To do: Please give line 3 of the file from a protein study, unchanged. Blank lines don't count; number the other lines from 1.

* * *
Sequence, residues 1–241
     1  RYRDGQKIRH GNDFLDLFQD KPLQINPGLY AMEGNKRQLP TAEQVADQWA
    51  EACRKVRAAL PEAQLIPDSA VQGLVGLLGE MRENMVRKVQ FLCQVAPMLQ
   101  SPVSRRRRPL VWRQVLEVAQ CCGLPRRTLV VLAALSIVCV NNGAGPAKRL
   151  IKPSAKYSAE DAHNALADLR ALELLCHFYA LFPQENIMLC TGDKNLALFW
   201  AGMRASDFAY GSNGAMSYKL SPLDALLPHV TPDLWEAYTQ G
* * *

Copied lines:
    51  EACRKVRAAL PEAQLIPDSA VQGLVGLLGE MRENMVRKVQ FLCQVAPMLQ